The bottom of the "lock stud" has a short 1/4" hex shaft coming off of it, so you can chuck it in a drill. or the edge is knurled, so you can turn it with your fingers, but using a drill is much quicker and easier. Most people, these days got a cordless drill or powered screwdriver around, so it's not another expense.

    As you buy more bottleneck cartridges, you just need another 4.50 gauge.
  9. socalfamous87

    socalfamous87 New Member

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    thanks randy!!! i was thinking the same but you know how it is with harbor freight sometimes. you get what you pay for, but in some cases its just perfect.
  10. socalfamous87

    socalfamous87 New Member

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    i think thats right up my alley. seems easy enough
  11. RandyP

    RandyP Member

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    One tip is to keep a supply of batteries for both on hand and when in doubt, change 'em out. I found a TERRIFIC battery source on fleabay the vendor's name is 'battmanaz' super low prices and free shipping - no I am not affiliated, just a satisfied customer. here is an example:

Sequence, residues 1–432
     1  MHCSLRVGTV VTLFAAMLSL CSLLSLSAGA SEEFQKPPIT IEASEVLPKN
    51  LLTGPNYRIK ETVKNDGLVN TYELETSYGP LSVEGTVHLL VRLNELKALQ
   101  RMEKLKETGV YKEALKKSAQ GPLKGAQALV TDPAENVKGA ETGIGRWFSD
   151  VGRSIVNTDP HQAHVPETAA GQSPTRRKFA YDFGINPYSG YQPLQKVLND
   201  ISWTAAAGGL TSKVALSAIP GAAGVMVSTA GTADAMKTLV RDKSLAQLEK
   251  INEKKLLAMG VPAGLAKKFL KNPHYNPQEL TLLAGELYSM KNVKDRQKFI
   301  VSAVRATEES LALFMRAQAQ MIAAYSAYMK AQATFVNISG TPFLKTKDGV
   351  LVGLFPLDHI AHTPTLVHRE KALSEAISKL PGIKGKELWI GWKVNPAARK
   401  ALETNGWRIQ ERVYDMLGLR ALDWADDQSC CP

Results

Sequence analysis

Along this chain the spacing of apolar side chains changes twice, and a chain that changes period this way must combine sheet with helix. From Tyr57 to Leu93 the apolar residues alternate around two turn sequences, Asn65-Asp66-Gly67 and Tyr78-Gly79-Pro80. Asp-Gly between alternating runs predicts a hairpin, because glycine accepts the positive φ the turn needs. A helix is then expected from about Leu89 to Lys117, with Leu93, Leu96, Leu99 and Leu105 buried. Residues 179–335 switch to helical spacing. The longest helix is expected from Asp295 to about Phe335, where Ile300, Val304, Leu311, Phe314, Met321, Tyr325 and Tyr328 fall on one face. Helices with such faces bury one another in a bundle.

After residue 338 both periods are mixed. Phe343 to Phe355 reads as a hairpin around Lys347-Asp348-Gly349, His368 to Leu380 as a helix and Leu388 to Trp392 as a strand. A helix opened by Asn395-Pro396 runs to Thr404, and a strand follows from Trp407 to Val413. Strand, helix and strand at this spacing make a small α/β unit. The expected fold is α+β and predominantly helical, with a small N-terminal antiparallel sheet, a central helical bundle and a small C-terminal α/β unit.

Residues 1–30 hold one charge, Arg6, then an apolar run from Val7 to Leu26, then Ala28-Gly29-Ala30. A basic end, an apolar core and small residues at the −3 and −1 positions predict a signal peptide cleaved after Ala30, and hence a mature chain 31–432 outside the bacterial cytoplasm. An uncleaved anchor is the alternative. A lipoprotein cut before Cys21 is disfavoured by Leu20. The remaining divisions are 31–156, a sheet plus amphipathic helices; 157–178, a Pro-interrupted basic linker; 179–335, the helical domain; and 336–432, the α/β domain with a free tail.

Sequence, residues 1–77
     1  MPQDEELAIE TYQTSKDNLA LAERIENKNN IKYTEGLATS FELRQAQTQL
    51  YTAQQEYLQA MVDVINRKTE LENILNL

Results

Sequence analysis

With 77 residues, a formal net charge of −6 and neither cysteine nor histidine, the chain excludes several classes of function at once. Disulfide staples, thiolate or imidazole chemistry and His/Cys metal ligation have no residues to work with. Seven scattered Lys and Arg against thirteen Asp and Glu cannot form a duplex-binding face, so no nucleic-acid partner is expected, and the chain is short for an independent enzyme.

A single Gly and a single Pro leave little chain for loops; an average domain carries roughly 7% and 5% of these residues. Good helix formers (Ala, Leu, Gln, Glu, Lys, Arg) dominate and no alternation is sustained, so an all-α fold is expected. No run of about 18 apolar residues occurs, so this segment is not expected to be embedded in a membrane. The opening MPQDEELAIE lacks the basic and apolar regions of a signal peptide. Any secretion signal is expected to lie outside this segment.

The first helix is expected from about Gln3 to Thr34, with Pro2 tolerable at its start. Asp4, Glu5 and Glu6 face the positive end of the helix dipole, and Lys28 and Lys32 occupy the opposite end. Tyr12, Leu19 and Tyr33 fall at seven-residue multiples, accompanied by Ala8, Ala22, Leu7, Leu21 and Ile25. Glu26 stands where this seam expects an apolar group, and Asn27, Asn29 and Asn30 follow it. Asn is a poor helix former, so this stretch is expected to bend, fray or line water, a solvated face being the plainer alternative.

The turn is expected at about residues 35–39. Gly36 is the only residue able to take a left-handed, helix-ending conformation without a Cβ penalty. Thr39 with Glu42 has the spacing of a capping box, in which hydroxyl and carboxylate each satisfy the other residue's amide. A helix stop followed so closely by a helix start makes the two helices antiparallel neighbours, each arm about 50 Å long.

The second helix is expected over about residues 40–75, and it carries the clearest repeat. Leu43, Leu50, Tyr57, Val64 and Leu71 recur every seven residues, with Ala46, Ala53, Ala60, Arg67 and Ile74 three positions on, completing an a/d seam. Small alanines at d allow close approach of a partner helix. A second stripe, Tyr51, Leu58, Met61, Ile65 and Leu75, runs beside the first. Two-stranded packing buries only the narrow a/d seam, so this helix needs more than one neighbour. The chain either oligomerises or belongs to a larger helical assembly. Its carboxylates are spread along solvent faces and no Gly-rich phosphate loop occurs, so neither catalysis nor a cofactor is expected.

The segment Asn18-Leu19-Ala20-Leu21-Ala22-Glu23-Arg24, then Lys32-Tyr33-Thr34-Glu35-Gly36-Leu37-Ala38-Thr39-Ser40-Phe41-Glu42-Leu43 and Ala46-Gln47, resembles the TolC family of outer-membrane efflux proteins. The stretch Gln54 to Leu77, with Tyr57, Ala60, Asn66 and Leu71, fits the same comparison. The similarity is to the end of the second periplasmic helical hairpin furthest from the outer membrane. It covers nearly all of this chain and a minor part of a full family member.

http://www.ebay.com/itm/10-CR2032-D...815548941?pt=US_Batteries&hash=item4ab218ca0d

    I did however just place another order with him for a card of 10 LR44/357 lithium batteries for my calipers for a whopping $1.29 TOTAL free shipping. At under $.013 per battery (and they work just fine) there is little reason for me to pay the ridiculous costs for Eveready or Duracell at the local stores.
    Last edited: Dec 26, 2011
  12. Bindernut

    Bindernut Well-Known Member

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    And that right there is a good plug for an old-school dial-type caliper. :)
    Actually, I have both digital and dial types.